From Wikipedia, the free encyclopedia
Jump to: navigation, search
Rap guanine nucleotide exchange factor (GEF) 4
Protein RAPGEF4 PDB 1o7f.png
PDB rendering based on 1o7f.
Available structures
PDB Ortholog search: PDBe, RCSB
Symbols RAPGEF4 ; CAMP-GEFII; CGEF2; EPAC; EPAC 2; EPAC2; Nbla00496
External IDs OMIM606058 MGI1917723 HomoloGene4451 GeneCards: RAPGEF4 Gene
RNA expression pattern
PBB GE RAPGEF4 205651 x at tn.png
More reference expression data
Species Human Mouse
Entrez 11069 56508
Ensembl ENSG00000091428 ENSMUSG00000049044
UniProt Q8WZA2 Q9EQZ6
RefSeq (mRNA) NM_001100397 NM_001204165
RefSeq (protein) NP_001093867 NP_001191094
Location (UCSC) Chr 2:
172.74 – 173.05 Mb
Chr 2:
71.98 – 72.26 Mb
PubMed search [1] [2]

Rap guanine nucleotide exchange factor (GEF) 4 (RAPGEF4), also known as exchange protein directly activated by cAMP 2 (EPAC2) is a protein that in humans is encoded by the RAPGEF4 gene.[1][2][3]

Epac2 is a target of cAMP, a major second messenger in various cells. Epac2 is coded by the RAPGEF4 gene, and is expressed mainly in brain, neuroendocrine, and endocrine tissues.[4] Epac2 functions as a guanine nucleotide exchange factor for the Ras-like small GTPase Rap upon cAMP stimulation.[4][5] Epac2 is involved in a variety of cAMP-mediated cellular functions in endocrine and neuroendocrine cells and neurons.[6][7]

Gene and transcripts[edit]

Human Epac2 is coded by RAPGEF4 located at chromosome 2q31-q32, and three isoforms (Epac2A, Epac2B, and Epac2C) are generated by alternate promoter usage and differential splicing.[4][8][9] Epac2A (called Epac2 originally) is a multi-domain protein with 1,011 amino acids, and is expressed mainly in brain and neuroendocrine and endocrine tissues such as pancreatic islets and neuroendocrine cells.[4] Epac2A is composed of two regions, an amino-terminal regulatory region and a carboxy-terminal catalytic region. The regulatory region contains two cyclic nucleotide-binding domains (cNBD-A and cNBD-B) and a DEP (Dishevelled, Egl-10, and Pleckstrin) domain. The catalytic region, which is responsible for the activation of Rap, consists of a CDC25 homology domain (CDC25-HD), a Ras exchange motif (REM) domain, and a Ras association (RA) domain.[10] Epac2B is devoid of the first cNBD-A domain and Epac2C is devoid of a cNBD-A and a DEP domain. Epac2B and Epac2C are expressed specifically in adrenal gland[8] and liver,[9] respectively.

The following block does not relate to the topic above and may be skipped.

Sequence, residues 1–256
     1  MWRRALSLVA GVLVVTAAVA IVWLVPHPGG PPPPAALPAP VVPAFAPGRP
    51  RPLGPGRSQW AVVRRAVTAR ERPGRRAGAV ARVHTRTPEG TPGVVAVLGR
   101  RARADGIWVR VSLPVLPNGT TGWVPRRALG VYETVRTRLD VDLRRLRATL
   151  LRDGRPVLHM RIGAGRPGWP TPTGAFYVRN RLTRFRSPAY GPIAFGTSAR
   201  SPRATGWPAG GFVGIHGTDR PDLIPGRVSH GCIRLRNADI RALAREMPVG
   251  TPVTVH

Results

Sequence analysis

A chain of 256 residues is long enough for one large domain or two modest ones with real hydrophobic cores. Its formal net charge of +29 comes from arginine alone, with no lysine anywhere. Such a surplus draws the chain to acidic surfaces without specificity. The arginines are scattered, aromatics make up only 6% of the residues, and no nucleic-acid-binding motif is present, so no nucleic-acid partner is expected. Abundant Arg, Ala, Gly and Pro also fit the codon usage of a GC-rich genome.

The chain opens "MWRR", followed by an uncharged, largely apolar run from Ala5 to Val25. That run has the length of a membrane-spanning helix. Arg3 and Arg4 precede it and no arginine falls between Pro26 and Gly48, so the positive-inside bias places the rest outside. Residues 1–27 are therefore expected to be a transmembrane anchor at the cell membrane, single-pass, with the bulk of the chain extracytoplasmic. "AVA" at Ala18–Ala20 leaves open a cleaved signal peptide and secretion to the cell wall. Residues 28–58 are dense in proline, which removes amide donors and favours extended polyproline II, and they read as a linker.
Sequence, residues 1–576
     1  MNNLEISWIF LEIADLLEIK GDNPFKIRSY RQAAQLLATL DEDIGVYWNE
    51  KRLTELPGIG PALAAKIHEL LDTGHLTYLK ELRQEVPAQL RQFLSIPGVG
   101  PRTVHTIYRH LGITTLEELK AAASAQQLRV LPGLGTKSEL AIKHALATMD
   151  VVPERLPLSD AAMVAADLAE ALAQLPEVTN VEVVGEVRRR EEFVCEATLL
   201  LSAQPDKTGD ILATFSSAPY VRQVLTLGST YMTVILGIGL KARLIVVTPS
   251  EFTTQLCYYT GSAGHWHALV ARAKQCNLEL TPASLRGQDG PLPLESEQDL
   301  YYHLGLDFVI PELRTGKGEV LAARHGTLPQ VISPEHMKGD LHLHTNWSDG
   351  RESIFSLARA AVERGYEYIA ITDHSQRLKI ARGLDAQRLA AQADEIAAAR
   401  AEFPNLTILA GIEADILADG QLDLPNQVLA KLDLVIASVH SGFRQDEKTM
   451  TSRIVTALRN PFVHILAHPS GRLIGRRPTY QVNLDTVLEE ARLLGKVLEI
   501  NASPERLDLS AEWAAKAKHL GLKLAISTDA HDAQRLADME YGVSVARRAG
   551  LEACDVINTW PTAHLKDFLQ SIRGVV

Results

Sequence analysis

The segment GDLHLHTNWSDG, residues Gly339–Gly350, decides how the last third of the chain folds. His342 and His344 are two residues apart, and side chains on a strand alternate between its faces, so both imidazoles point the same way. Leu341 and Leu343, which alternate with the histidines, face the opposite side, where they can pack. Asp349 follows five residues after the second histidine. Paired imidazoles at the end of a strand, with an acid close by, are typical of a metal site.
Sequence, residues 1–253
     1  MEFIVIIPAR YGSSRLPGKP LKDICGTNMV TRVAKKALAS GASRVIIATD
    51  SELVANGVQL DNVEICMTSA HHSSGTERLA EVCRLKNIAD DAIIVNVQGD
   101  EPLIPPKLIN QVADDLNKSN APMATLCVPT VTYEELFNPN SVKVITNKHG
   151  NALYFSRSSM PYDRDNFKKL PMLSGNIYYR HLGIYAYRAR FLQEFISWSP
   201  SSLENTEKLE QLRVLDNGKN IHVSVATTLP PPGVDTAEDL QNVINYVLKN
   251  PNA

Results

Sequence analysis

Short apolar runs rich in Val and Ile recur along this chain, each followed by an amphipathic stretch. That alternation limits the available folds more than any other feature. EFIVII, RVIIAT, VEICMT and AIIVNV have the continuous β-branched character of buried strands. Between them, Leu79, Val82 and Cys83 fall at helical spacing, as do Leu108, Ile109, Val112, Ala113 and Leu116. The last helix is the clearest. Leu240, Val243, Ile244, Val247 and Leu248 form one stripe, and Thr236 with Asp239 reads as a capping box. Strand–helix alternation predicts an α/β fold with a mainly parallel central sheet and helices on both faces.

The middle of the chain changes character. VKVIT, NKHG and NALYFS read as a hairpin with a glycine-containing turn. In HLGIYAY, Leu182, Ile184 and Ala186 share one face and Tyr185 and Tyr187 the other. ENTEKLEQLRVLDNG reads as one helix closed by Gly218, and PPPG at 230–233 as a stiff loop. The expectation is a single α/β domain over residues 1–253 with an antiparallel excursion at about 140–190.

Mechanism of action[edit]

The crystal structure reveals that the catalytic region of Epac2 interacts with cNBD-B intramolecularly, and in the absence of cAMP is sterically masked by a regulatory region, which thereby inhibits interaction between the catalytic region and Rap1.[11] The crystal structure of the cAMP analog-bound active form of Epac2 in a complex with Rap1B indicates that the binding of cAMP to the cNBD-B domain induces the dynamic conformational changes that allow the regulatory region to rotate away. This conformational change enables access of Rap1 to the catalytic region and allows activation.[11][12]

Specific agonists[edit]

Several Epac-selective cAMP analogs have been developed to clarify the functional roles of Epacs as well those of the Epac-dependent signaling pathway distinct from the PKA-dependent signaling pathway.[13] The modifications of 8-position in the purine structure and 2’-position in ribose is considered to be crucial to the specificity for Epacs. So far, 8-pCPT-2’-O-Me-cAMP (8-pCPT) and its membrane permeable form 8-pCPT-AM are used for their great specificity toward Epacs. Sulfonylurea drugs (SUs), widely used for the treatment of type 2 diabetes through stimulation of insulin secretion from pancreatic β-cells, have also been shown to specifically activate Epac2.[14]


In pancreatic β-cells, cAMP signaling, which can be activated by various extracellular stimuli including hormonal and neural inputs primarily through Gs-coupled receptors, is of importance for normal regulation of insulin secretion to maintain glucose homeostasis. Activation of cAMP signaling amplifies insulin secretion by Epac2-dependent as well as PKA-dependent pathways.[6] Epac2-Rap1 signaling is critical to promote exocytosis of insulin-containing vesicles from the readily releasable pool.[15] In Epac2-mediated exocytosis of insulin granules, Epac2 interacts with Rim2,[16][17] which is a scaffold protein localized in both plasma membrane and insulin granules, and determines the docking and priming states of exocytosis.[18][19] In addition, piccolo, a possible Ca2+ sensor protein,[20] interacts with the Epac2-Rim2 complex to regulate cAMP-induced insulin secretion.[18] It is suggested that phospholipase C-ε (PLC-ε), one of the effector proteins of Rap, regulates intracellular Ca2+ dynamics by altering the activities of ion channels such as ATP-sensitive potassium channel, ryanodine receptor, and IP3 receptor.[7][21] In neurons, Epac is involved in neurotransmitter release in glutamatergic synapses from calyx of Held and in crayfish neuromuscular junction.[22][23][24] Epac also has roles in the development of brain by regulation of neurite growth and neuronal differentiation as well as axon regeneration in mammalian tissue.[25][26] Furthermore, Epac2 may regulate synaptic plasticity, and thus control higher brain functions such as memory and learning.[27][28] In heart, Epac1 is expressed predominantly, and is involved in the development of hypertrophic events by chronic cAMP stimulation through β-adrenergic receptors.[29] In contrast, chronic stimulation of Epac2 may be a cause of cardiac arrhythmia through CaMKII-dependent diastolic sarcoplasmic reticulum (SR) Ca2+ release in mice.[30][31] Epac2 also is involved in GLP-1-stimulated atrial natriuretic peptide (ANP) secretion from heart.[32]